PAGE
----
Marine Robotics Centre | Flanders Marine Institute

Flanders Marine Institute

Platform for marine research

Marine Robotics Centre

In 2018, VLIZ started with the development of a Marine Robotics Centre and got an investment budget of 3 million euros from the Flemish Government. The intension of this Marine Robotics Centre is to grant Flemish scientists and their (inter)national partners, as well as other Flemish actors in the marine robotics scene, access to the latest technologies in the marine research field. To accomplish this goal, VLIZ recently acquired two robotic devices (AUV Barabas and USV Adhemar) which are complementary to the already available remotely operated vehicle ROV Genesis.


1. ROV Genesis

VLIZ already possesses an unmanned underwater robot called “Genesis” which is controlled from a vessel by a cable connected to the robot. The ROV is mainly used for inspection and exploitation purposes and has already been deployed multiple times on the World’s oceans. More info about the ROV can be found at its webpage.

2. AUV Barabas

An AUV (autonomous underwater vehicle) is a torpedo-shaped device which can perform measurements of the water column, the sea surface and the subsurface. The AUV can operate on a predefined track just above the seafloor and perform several measurements simultaneously. The autonomy of this device depends on the amount of battery modules that are combined, but lies typically around eight hours. More info about the AUV can be found on its webpage.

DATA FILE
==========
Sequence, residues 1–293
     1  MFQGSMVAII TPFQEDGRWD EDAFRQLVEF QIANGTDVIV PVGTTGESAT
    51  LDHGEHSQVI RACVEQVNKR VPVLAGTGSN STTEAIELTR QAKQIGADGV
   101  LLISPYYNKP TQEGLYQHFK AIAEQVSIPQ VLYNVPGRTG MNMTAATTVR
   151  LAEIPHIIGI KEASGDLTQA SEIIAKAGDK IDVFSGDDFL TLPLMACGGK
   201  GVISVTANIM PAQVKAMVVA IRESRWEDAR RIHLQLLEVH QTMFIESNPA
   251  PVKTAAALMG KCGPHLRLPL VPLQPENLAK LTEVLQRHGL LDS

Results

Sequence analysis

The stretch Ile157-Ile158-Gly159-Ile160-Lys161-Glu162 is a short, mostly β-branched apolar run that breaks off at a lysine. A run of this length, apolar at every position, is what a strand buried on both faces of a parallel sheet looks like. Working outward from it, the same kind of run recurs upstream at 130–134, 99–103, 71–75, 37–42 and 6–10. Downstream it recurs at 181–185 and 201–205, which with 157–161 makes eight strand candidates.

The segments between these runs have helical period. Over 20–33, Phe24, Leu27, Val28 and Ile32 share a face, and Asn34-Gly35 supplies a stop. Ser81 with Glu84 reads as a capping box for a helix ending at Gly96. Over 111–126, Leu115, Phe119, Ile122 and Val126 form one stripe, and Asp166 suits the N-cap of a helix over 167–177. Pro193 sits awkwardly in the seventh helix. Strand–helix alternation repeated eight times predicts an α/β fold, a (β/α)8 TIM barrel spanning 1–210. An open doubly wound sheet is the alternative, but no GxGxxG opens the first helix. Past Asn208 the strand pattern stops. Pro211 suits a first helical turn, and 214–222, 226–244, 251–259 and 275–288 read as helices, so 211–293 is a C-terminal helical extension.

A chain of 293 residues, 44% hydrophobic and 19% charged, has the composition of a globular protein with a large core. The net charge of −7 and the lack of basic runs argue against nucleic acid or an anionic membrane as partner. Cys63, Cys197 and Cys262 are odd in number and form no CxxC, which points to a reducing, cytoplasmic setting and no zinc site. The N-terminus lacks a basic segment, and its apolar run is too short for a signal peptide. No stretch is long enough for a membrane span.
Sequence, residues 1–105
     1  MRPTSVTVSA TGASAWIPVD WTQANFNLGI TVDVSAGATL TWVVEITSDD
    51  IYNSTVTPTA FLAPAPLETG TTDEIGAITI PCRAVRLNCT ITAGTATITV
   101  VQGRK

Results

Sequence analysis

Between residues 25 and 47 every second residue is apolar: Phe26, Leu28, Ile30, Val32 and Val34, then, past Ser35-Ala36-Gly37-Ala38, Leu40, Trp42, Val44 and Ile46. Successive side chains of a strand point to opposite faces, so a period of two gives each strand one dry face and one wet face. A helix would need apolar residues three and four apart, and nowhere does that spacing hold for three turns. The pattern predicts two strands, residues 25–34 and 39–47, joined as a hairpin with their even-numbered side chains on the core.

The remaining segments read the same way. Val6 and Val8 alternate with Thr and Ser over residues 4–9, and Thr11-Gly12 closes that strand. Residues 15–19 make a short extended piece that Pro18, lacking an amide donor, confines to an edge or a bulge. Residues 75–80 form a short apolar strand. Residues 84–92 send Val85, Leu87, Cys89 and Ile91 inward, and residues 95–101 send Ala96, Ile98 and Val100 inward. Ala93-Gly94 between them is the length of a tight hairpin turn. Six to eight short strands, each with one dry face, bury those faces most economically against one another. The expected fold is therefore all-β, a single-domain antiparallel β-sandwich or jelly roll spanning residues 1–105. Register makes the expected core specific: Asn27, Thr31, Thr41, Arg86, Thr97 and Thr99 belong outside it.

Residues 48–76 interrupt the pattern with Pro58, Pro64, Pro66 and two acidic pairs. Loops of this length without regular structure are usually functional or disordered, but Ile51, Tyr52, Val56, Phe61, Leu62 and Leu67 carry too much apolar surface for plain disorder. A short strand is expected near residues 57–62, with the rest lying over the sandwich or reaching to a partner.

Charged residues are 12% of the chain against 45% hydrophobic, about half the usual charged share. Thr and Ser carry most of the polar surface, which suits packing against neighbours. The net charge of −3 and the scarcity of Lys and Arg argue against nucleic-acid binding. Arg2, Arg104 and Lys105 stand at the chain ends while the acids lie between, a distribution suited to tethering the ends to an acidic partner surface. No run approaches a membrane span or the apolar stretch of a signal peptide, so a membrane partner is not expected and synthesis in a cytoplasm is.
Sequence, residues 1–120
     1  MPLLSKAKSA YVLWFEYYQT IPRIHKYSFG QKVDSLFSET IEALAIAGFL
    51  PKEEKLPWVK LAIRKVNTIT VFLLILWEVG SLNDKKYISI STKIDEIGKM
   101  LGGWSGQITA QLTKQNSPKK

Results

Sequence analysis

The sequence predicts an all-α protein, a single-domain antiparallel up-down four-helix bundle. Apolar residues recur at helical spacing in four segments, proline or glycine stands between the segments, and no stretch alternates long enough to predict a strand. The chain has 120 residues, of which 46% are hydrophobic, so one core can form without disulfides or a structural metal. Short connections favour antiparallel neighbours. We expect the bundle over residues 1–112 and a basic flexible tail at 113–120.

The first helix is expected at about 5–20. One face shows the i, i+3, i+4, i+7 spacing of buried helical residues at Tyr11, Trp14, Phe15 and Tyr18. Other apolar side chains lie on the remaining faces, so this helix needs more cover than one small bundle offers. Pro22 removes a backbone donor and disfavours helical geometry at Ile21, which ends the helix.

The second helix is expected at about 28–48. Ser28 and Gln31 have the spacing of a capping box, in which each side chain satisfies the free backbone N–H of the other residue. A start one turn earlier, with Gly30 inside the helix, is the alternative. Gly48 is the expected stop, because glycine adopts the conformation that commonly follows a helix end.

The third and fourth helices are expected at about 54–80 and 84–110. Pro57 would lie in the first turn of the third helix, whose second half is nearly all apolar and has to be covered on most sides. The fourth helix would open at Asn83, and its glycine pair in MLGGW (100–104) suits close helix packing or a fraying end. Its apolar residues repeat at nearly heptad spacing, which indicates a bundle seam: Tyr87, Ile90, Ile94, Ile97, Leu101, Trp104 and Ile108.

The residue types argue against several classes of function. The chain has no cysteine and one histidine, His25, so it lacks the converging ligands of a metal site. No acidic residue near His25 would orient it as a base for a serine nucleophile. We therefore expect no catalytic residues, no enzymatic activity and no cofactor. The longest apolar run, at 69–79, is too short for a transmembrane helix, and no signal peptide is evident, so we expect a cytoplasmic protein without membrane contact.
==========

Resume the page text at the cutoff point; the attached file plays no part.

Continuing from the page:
3. USV Adhemar

An USV (unmanned surface vehicle) uses wave motion for its propulsion, while solar panels feed the measuring devices. Since the power consumption mainly relies on renewable recourses, an USV can perform measurements for prolonged periods of time (up to months) of both water and atmosphere. Additional info about the USV can be found on its webpage.

Technical workspace

The maintenance of the ROV Genesis is already taking place at VLIZ itself. Given the acquisition of two additional robotic devices (USV and AUV), a technical workspace will be set up in order to make sure that all devices are operational as much as possible. In a first stage, a seawater supply will be built, delivering seawater directly to the Marine Station Ostend. This will allow the construction of a test basin, filled with seawater, allowing initial tests of the different robotic devices on land.

VLIZ as administrator

Given that VLIZ is the central contact for marine sciences in Flanders, it is the ideal institution to manage these specialized marine robotics. This infrastructure will be of benefit for all actors in Flanders active in innovation in the marine landscape. The combination of ROV, AUV, USV and a state-of-the-art research vessel (Simon Stevin) is particularly suited to face many of the future challenges.

Time line

February 2018     European tender for AUV and USV

May 2018            Closure of the tender

September 2018        Decision regarding AUV and USV

Early 2019     Acquisition of AUV and USV

End 2019            MRC fully operational


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